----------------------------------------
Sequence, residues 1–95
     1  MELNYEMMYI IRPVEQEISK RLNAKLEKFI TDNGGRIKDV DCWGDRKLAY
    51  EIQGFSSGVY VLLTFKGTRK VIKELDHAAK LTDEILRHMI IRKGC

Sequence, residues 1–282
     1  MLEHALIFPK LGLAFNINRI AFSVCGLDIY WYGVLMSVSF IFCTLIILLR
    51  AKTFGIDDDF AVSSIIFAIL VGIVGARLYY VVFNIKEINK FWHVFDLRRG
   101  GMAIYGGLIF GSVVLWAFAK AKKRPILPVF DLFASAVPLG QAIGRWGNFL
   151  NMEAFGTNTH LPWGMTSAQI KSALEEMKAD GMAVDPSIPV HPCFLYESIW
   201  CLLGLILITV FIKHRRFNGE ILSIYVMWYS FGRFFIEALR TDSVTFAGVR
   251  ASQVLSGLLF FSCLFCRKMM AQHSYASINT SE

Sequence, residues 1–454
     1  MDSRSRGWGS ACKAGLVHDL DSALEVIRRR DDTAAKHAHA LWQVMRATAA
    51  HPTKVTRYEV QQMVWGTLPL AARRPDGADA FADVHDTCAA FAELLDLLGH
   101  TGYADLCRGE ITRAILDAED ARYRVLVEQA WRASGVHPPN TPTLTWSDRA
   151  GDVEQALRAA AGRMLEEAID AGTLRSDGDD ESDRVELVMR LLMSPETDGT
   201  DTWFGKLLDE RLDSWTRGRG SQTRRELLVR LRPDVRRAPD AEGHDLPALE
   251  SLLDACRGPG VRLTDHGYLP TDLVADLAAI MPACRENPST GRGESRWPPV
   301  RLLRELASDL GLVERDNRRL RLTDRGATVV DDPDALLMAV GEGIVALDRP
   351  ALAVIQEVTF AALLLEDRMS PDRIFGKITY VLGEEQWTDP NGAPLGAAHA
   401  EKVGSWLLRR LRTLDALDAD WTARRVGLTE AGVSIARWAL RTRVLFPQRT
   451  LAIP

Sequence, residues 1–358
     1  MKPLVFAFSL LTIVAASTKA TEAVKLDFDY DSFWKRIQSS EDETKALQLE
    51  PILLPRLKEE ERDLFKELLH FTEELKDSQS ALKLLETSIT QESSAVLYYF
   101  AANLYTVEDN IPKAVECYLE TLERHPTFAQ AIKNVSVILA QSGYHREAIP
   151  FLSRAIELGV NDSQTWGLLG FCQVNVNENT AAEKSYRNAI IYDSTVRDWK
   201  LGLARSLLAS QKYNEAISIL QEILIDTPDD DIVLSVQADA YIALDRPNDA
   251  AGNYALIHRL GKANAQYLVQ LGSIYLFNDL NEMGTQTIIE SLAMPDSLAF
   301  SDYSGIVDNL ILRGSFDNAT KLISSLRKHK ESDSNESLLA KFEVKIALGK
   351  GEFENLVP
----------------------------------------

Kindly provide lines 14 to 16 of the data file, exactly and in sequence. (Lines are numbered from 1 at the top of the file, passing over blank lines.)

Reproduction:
   101  TGYADLCRGE ITRAILDAED ARYRVLVEQA WRASGVHPPN TPTLTWSDRA
   151  GDVEQALRAA AGRMLEEAID AGTLRSDGDD ESDRVELVMR LLMSPETDGT
   201  DTWFGKLLDE RLDSWTRGRG SQTRRELLVR LRPDVRRAPD AEGHDLPALE